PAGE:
Visit Hotel Traube-Tonbach in Germany: Nine Generations of Family History
Posted by Mary-Frances Walsh
Posted in: Tauck’s Travelogue
Tags: Germany, Hotels, Europe
In the heart of Germany’s Tonbach Valley, a place of low mountains and dense spruce, fir and pine, lies a pristine world of lakes, ravines, waterfalls and crisp air. Strasbourg lies to the west, Stuttgart to the east. In between are hillsides dotted with villages of clustered tile-roofed homes, including Baiersbronn – a town called the “world’s most unexpected restaurant capital” by Nicholas Kulish of the New York Times.
Tauck travelers on Romantic Germany will find themselves graciously welcomed here on a two-night stay at Hotel Traube-Tonbach. This family-owned, lovingly run, resort has been an alpine institution since 1789. Some 80% of the guests are regulars: German, French and Swiss vacationers who come to unwind, recharge, and dine very well.
I had the pleasure of speaking with Sebastian Finkbeiner, the great-great-great-great-great grandson(!)
of the hotel’s founder; today Sebastian shares responsibility for hotel operations with his parents and siblings. Hotel Traube-Tonbach is truly a family affair, which makes it a great partner for another family-owned business: Tauck.
“When we choose a partner,” says Sebastian, “we always prefer to work with a family business, like our electricians who have been servicing the hotel for three generations. When something goes wrong on Christmas Eve, as it inevitably does, you know you can count on it being taken care of then and there. A family-run business entails a different level of motivation, a spirit that comes with the need to fight for it and a willingness to go the extra mile.”
Behind the scenes at Traube-Tonbach are nine generations of the Finkbeiner family, dating back to 1789. That’s when a baker, named Tobias Finkbeiner was granted a license by the local duke to open a rustic tavern in the woods catering to lumberjacks and hikers. In 1812, Tobias’ son
, Ludwig, added a bakery… before being recruited to join Napoleon’s campaign in Russia. Ludwig was reportedly the only one of 25 local men to return to the valley safe and sound.
Johann began distilling alcohol from apples, pears, wild cherries & blueberries and great-grandson
Friedrich added wine, beer and most
, a distilled fruit juice. In 1920, great-great grandson
Heinrich first rented out a room to a professor lost in the woods… then added 14 more rooms in 1939. Heinrich and sons met guests who arrived by train in Baiersbronn for a mountain holiday and good food.
During the war years, the valley was spared heavy fighting; nonetheless, local members of the Nazi party viewed demonstrations of community support as essential. Which is how Heinrich and his wife, who did not attend local party meetings nor drape the hotel with banners bearing symbols of the Third Reich, came to be twice arrested and released. At the war’s end, the hotel found itself within the Allied Occupation Zone apportioned to the French. For some 18 months, Hotel Traube-Tonbach served as headquarters for the French authorities, a cultural relationship that to this day remains highly valued by the family. Reopened in 1950, great-great-great grandsons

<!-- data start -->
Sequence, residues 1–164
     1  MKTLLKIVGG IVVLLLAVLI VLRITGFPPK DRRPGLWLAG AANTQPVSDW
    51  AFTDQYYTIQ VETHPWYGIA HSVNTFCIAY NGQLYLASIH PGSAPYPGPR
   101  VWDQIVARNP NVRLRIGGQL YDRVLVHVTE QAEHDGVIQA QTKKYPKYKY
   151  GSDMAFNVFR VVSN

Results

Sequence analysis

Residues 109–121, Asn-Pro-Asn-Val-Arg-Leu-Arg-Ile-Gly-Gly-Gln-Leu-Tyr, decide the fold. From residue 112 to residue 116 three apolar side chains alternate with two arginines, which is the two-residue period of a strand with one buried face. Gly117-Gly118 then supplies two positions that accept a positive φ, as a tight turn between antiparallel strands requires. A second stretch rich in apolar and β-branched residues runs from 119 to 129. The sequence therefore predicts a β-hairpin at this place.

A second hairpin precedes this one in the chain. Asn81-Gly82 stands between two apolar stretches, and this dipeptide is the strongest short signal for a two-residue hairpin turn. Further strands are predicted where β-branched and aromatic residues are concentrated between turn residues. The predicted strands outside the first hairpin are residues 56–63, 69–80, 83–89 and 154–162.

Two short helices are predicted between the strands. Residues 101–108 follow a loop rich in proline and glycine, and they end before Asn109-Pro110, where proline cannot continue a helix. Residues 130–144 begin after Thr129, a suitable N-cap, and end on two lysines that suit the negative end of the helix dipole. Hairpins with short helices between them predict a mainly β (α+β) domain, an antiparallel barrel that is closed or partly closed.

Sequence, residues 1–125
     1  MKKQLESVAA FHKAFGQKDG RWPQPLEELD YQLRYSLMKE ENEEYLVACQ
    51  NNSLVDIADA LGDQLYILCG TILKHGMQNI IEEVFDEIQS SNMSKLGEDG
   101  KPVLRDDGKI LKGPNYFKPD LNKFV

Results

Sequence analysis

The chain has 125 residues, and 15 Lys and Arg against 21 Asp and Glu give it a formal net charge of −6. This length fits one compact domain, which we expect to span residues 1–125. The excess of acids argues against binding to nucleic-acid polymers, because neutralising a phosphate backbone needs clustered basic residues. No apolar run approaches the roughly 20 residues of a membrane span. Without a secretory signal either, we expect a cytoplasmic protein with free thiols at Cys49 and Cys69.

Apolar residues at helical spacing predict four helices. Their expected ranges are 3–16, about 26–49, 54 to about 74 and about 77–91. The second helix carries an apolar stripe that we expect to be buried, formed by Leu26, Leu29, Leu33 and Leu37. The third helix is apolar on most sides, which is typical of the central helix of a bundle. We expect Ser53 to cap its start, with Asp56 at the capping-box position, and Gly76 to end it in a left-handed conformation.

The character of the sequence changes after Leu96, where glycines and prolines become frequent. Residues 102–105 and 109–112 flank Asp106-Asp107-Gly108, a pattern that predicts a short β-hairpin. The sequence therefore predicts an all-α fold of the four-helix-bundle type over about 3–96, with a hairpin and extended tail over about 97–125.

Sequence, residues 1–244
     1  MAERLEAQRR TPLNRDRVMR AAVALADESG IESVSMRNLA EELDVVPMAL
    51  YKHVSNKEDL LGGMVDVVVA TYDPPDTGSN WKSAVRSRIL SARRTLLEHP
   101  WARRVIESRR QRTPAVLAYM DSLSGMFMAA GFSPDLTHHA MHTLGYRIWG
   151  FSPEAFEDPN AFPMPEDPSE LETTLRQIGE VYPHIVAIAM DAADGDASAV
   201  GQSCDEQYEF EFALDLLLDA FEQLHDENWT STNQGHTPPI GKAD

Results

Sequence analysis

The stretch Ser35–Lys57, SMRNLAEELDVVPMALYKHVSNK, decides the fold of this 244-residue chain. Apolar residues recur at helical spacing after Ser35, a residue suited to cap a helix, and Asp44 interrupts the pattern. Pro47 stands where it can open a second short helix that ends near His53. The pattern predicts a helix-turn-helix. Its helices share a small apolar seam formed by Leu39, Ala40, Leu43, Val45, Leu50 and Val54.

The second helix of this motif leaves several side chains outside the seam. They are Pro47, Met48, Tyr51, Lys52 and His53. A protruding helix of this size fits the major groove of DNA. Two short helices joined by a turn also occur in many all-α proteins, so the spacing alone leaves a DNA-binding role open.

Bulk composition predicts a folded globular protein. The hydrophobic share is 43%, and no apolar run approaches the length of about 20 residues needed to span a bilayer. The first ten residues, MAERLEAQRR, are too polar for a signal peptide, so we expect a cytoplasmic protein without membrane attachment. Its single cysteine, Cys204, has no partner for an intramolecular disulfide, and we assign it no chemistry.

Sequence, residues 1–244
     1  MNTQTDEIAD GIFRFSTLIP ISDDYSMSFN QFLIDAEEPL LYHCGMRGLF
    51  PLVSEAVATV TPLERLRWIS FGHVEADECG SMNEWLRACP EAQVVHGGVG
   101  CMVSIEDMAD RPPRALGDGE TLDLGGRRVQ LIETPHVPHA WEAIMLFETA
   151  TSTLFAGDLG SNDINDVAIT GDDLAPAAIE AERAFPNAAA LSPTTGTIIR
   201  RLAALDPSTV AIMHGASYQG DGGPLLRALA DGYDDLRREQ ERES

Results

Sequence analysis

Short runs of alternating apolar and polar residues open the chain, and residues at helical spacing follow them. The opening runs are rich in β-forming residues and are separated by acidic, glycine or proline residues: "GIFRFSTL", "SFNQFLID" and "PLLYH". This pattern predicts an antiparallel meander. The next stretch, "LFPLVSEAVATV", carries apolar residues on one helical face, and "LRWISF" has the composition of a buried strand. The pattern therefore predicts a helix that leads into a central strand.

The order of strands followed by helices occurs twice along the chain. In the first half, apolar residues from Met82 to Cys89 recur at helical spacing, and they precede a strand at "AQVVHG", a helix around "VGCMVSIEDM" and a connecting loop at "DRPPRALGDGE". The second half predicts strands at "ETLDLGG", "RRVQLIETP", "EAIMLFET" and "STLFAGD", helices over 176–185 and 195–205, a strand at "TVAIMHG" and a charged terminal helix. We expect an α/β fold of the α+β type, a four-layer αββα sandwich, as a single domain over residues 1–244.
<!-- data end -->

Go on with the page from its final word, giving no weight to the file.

Heinrich, Albert & Willi added a 64-room guesthouse – the first in the area to offer all rooms with a balcony and bath.
In 1993, great-great-great-great grandson
, Heiner Finkbeiner took over the current operation and led the way to a complete redesign in 2001. Heiner and his family carry on a nine-generation tradition with aplomb, and as he explains, “Tradition is not a security blanket for us. Instead, it inspires us to do our best each and every day.”
On the first of two nights at Traube-Tonbach, Tauck guests enjoy a six-course dinner at leisure – no reservation required – at the hotel’s Restaurant Silberberg
, where seasonality, quality and freshness are the chef’s rule and stunning views of the Tonbach valley are a panoramic treat. Local wines are a specialty, along with the recommendations of a young, award-winning sommelier who has been with the hotel for two decades.
The next morning, after a breakfast of farm-fresh eggs, homemade marmalade and Atlantic salmon, it’s off for a drive through the woods and a journey through automotive history at Stuttgart’s Mercedes-Benz Automobile Museum. Back at Traube-Tonbach, an afternoon cooking demonstration awaits. Guests learn about the region’s specialties, including Maultaschen
(a Swabian specialty, similar to ravioli) and Schwärzwalder Kirschtorte
, the famed Black Forest chocolate cake flavored with kirsch (cherry) brandy.
Evening brings a special Traube-Tonbach experience at the edge of the forest, when guests gather at the Pudelstein
hut (meaning, “poodle-stone”). Designed as a traditional stopping place for hikers to enjoy light food and drink, the hut takes its name from a massive rock in the valley and ancient lore. It seems that back in the Middle Ages, the poodle – an intelligent breed thought to have originated in Germany -- was considered a symbol of evil. The rock may have been so named to discourage children from playing nearby, risking a dangerous fall.
Today, however, the Pudelstein
hut is a place of mirth, music and traditional cuisine. On summer evenings, Tauck guests are nearly always guaranteed comfortable weather and a delightful evening of lumberjack-inspired games, live accordion music, gorgeous Black Forest views and freshly prepared spaetzle
, along with other Swabian specialties.
Traube-Tonbach is a Tauck guest favorite, and an example of what Tauck believes is best about travel: it’s authentic, comes with a truly personal touch and above all, fun!